Sharpnose Sevengill Shark
Scientific name........Heptranchias Perlo
Other common names........Slender sevengill shark and Perlon shark
There are only two species with seven gills, the Sharpnose
Sevengill shark ( Heptranchias perlo )and the Broadnose Sevengill
shark ( Notorynchus cepedianus ) in contrast to the five or six
gills that most sharks possess. This is a moderately small shark
with a slender, fusiform body with a narrow, pointed head, large
green eyes and a long narrow mouth. It has seven pairs of gill slits
and these gill openings extend down onto the throat. There is one
small dorsal fin which originates over the inner margins of the
pelvic fins. The anal fin and pectoral fin is also small in size.
These sharks can grow to a maximum length of 4.5 feet. Females
mature at 39.5 inches and males mature at 29.6 inches. Pups are born
at a length of 9.6 inches.
They have five rows of comb-shaped teeth in the lower jaw. The
upper teeth are narrow with a hook-like cusp.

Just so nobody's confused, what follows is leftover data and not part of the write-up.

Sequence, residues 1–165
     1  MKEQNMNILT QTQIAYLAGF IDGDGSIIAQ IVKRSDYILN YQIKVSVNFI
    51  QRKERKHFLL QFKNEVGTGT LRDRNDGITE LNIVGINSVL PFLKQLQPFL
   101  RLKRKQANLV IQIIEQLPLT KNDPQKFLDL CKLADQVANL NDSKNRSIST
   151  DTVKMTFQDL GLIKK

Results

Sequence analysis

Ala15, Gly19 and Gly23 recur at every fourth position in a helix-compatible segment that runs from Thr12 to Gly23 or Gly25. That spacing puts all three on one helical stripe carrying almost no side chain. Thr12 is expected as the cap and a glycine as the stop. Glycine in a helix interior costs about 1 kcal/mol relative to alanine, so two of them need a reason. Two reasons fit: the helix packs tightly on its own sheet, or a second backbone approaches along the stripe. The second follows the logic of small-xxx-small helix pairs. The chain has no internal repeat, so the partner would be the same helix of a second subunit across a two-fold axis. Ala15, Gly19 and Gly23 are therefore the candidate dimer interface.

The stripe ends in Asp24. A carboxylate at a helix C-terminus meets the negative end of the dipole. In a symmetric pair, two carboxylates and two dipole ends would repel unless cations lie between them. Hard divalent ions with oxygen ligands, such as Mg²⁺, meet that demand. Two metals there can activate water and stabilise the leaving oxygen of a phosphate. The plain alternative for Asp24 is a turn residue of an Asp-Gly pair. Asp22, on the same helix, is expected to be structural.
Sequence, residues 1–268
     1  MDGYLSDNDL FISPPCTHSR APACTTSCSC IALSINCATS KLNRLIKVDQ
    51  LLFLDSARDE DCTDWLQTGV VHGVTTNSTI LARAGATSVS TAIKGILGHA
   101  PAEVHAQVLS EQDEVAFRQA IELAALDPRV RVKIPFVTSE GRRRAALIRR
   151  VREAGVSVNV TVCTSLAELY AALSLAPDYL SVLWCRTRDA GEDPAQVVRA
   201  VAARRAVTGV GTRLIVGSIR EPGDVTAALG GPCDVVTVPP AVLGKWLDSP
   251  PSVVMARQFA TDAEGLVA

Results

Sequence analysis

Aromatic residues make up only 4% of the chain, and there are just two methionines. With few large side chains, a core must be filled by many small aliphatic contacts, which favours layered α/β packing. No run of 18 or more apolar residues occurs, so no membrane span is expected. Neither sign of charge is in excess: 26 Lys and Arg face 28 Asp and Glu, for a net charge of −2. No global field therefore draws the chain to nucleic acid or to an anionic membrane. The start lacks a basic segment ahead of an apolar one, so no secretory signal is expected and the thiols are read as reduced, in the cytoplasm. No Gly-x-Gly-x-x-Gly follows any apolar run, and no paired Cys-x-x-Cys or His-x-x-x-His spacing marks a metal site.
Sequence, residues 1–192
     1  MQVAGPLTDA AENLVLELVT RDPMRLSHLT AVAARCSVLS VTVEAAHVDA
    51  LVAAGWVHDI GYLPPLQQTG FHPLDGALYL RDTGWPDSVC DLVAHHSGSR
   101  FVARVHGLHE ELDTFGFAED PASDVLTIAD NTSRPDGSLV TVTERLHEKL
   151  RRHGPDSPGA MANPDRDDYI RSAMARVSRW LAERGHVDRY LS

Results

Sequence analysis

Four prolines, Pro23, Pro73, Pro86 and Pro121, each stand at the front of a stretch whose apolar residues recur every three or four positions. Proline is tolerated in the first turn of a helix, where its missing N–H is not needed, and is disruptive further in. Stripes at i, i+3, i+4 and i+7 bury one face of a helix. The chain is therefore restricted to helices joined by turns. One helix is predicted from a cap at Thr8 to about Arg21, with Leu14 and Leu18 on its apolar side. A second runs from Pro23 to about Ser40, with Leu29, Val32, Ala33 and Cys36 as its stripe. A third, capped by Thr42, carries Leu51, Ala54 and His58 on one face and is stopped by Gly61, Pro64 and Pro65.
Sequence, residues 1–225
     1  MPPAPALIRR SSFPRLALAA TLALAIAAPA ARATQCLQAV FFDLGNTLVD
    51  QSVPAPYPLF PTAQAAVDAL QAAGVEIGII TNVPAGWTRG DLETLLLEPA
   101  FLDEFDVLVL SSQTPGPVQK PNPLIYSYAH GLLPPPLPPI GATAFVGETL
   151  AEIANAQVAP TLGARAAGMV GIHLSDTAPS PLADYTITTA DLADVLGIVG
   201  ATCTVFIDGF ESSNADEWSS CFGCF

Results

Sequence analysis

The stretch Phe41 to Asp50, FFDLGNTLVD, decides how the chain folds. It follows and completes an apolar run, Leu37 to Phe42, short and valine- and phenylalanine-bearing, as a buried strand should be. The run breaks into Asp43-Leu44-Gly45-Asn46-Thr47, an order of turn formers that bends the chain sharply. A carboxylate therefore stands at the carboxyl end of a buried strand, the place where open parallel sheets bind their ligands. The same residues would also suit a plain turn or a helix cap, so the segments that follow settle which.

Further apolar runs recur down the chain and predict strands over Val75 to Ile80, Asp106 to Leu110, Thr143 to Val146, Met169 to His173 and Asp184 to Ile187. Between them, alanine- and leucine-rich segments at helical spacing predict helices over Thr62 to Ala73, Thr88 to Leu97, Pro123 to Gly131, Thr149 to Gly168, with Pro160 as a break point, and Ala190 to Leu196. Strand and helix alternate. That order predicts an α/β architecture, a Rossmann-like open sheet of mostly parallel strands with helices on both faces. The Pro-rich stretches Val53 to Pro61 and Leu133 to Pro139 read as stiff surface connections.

The color of the Sharpnose Sevengill shark is a brownish gray to
olive on the dorsal surface, paling to a lighter ventral surface.
They have a black blotch on the tip of the dorsal fin and caudal
lobe that are prominent in the young, but these fade in the adults.
Large fluorescent green eyes.
Sharpnose Sevengill sharks feed on small to moderately large
demersal and pelagic fishes, small sharks, crustaceans, squid and
cuttlefish. Even though it is a relatively small shark it is a
Poorly known, but is suggested that it is a strong swimmer. Feeding
and activity appears to increase in the night time hours.
Wide-ranging but patchily distributed, in tropical and temperate
seas, not northeast Pacific. While they are found close inshore to
depths of ( 3,250 feet ) it is most abundant at a depth range of (
88 to 2,345 feet ). It occurs in the continental and island shelves
and upper slopes, occasionally shallower water close inshore.
This shark is ovoviviparous, giving birth to 6 to 20 pups per
litter. Apparently reproduces year round.
The Sharpnose sevengill shark is considered harmless to humans.
However, care must be taken when landing this shark as it is
aggressive and will attempt to bite its captors.
Relatively uncommon. Although this species is of minor commercial
importance, bycatch in bottom trawls and longline fisheries may
cause future decline of populations.